In August 2016, I participated in the 97th Liffey Swim: a 2.2km swim down the Liffey River through the centre of Dublin from the Guinness Brewery to the Customs House under 12 bridges. The first Liffey Swim was hosted on 22nd July 1920 to highlight the clean quality of the river water to the local populace. Flash forward to 2016 and the locals are still not convinced. All of my co-workers (being Dubliners) thought I was absolutely crazy to be swimming in the Liffey suggesting that I should get a tetanus shot before swimming and joking that the river would be filled with rats, dead bodies and shopping trollies.

But swim I did and I even had a friend from Luxembourg join me in the experience. We donned our pink caps and sung the first verse and chorus of the ballad of Molly Malone before starting:

“In Dublin’s fair city,

Where the girls are so pretty,

I first set my eyes on sweet Molly Malone,

As she wheeled her wheel-barrow,

Through streets broad and narrow,

Crying, “Cockles and mussels, alive, alive, oh!”

“Alive, alive, oh,

Alive, alive, oh,”

Crying “Cockles and mussels, alive, alive, oh”.

The song goes on to explain how Molly died of a fever and my co-workers were convinced that a similar fate would befall me after my swim. The swim itself was a wonderful way to experience Dublin from a new perspective. Going under some of the bridges in high tide did feel a bit claustrophobic as we were very close to the bottom of the bridges and some patches were pitch black. Fortunately, the only debris I saw while swimming was a plastic fork and a condom (presumably used). When we got out of the river, we were given liquid soap and stepped into a highly pressurised water shower (not helping with the impression that the water is polluted). I had a nip of whiskey from one of the other swimmer’s hipflasks that she was passing around. It was such a unique and vibrant atmosphere with a spirit of camaraderie and the highlight of the summer swim season.

I have always been an avid Olympic fan but watching it from Ireland really makes one feel homesick by not being able to properly watch and support South African athletes. Ireland is not a big fan of the Olympics with a very low medal tally and therefore there is very little TV coverage here. The homesickness is also exacerbated by the glimpses of mountains and beaches of Rio from the stadiums that look a lot like Cape Town. The major highlight being the funny interview with the two Irish lads, Gary and Paul O’Donovan, winning the Silver medal in the lightweight men’s double skulls. They ended off their post-win interview with the controversial “Tiocfaidh ár lá” (“our time will come”) which is a slogan used by Sinn Fein and the IRA referring to a potential future united Ireland.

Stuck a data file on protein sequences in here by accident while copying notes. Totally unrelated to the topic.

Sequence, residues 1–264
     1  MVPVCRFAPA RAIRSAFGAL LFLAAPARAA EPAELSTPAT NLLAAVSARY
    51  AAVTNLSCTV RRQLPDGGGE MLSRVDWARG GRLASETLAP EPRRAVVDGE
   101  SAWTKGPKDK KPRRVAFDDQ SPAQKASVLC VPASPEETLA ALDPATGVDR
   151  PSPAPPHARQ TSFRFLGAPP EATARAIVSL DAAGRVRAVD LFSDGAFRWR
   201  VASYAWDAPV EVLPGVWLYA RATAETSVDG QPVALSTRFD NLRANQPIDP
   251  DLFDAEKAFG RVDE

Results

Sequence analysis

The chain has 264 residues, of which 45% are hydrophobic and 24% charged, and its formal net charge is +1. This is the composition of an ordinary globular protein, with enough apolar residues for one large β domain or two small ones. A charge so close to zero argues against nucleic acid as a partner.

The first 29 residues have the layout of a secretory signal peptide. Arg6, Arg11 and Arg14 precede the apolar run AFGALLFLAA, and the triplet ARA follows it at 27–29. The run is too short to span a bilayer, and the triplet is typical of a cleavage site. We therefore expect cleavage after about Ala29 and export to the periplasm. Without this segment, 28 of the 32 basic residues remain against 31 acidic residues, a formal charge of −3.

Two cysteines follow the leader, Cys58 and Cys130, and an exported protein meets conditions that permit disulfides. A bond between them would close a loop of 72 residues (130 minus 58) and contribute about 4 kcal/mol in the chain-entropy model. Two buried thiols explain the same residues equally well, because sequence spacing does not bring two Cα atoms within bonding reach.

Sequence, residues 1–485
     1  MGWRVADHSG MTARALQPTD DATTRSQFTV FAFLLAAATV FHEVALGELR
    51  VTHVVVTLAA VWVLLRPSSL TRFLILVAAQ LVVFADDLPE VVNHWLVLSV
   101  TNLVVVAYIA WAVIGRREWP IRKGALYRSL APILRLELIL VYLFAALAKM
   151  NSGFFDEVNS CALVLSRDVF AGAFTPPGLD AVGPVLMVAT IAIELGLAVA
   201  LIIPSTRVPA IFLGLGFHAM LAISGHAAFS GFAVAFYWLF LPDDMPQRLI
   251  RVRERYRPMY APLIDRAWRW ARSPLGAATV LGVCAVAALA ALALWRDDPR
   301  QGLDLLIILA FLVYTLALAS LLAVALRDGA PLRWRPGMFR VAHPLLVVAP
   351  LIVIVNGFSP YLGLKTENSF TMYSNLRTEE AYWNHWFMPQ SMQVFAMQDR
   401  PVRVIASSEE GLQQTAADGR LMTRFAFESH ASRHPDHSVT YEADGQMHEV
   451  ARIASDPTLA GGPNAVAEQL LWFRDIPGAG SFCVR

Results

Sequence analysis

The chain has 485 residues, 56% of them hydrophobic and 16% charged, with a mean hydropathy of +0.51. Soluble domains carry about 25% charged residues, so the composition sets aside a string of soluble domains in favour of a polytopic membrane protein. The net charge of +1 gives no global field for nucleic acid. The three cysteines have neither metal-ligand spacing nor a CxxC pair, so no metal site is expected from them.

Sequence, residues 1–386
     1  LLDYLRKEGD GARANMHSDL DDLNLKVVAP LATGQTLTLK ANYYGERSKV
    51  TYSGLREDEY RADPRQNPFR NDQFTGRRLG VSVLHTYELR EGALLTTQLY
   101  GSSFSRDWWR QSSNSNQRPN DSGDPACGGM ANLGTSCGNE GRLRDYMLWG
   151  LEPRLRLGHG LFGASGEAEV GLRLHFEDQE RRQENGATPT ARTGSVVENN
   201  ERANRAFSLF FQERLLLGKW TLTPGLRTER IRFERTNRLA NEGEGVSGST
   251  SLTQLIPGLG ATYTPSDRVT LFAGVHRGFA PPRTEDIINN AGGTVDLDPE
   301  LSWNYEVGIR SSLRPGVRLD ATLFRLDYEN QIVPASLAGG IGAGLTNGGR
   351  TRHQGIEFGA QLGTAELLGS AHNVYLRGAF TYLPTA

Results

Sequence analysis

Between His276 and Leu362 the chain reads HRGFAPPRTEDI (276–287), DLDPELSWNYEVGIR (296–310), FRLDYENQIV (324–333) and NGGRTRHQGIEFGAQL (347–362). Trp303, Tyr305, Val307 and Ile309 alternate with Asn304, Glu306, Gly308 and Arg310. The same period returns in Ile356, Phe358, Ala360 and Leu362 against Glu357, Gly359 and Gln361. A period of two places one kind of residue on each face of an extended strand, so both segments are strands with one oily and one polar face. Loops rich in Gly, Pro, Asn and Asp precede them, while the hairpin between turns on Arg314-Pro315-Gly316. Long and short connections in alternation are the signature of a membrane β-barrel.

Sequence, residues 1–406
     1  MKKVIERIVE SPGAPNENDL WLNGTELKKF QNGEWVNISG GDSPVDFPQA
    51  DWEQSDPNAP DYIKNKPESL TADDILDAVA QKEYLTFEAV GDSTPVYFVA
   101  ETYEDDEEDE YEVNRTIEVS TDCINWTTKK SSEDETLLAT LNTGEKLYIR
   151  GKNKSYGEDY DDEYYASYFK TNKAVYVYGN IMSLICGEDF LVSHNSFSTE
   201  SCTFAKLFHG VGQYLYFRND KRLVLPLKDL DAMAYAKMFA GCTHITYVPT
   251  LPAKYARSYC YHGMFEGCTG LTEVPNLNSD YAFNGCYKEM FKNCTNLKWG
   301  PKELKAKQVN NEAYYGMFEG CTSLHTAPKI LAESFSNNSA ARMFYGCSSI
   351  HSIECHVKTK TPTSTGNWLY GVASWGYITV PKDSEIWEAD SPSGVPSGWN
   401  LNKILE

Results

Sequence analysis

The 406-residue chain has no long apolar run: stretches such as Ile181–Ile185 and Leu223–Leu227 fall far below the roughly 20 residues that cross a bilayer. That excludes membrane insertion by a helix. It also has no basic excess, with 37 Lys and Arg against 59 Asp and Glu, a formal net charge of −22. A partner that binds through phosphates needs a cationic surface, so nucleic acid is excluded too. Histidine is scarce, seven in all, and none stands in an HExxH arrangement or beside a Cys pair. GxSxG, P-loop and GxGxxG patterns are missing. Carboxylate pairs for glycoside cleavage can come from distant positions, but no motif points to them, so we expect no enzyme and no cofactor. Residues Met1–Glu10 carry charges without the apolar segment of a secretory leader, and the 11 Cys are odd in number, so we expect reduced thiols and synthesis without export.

Other swims

In order to qualify to participate in the Liffey swim, I had to partake in a number of swimming competition in the open water season. The great thing about all of these swims is that I ended up going up/down the Dart line and seeing all sorts of little towns on the coast which was a great way to experience Dublin.

1. Sea Point

A few DART stops South of Dublin and a popular spot because it accommodates all types of swimmers. It is tidal so can only be swum at high tide. It was about a 2km race and with a 4min handicap, I almost finished last. Water temp 12 degrees.

2. Greystones

At the end of the Dart Line South of Dublin, a quaint little town. We did a one-way swim where we were pushed by the current.1.6km felt like 1km.Water temp 14 degrees.

3. Low Rock, Malahide

Malahide is a cute, vibey town at the one end of the Dart Line North of Dublin (the Dart splits North of Dublin going to Malahide or to Howth). There is also a historical castle to see. The swim spot was a 30min walk from the train station. There are very strong currents and this spot is known for the jellies. This is where I discovered the thin non-wetsuit suits worn for protection against the jellies that some ladies had ordered on-line from Taiwan. We did a 2km swim in 14 degrees.

4. Around the Island, Howth

Howth is a great little town with markets, food stalls etc. and is on the other end of the Dart Line North of Dublin. This is more of an adventurous swim and not everyone does it. We left our bags at the back of a truck to be taken to the finish and boarded the ferry to the Island in our swimming costumes with a stylish black bag cover. We started the race by jumping off the back of the ferry and then heading off to shore. I was told by the experienced swimmers that the current would pull me right so I swam far to the left but over-compensated because there was no current. I ended up adding hundreds of metres onto my swim and almost finishing last. I swam about 2.2km and more in 15 degrees.

5. Killiney

Killiney is a long stretched out pebbled beach right next to train station about mid-way on the Dart Line South of Dublin. It offers a beautiful water quality (in terms of clarity and colour) but strong currents pushing you the one way which you have to swim against on the way back. we did a 2km swim in14 degrees.

6. Grand Dublin Swim

This was an extra Liffey swim meant to attract in the wetsuiters who  are not allowed to swim in the official Liffey Swim. It ended up being a 800m loop through top end of Liffey. Some swimmers were doing 5km and 10km loops in the Liffey River and so I think that the water must be okay.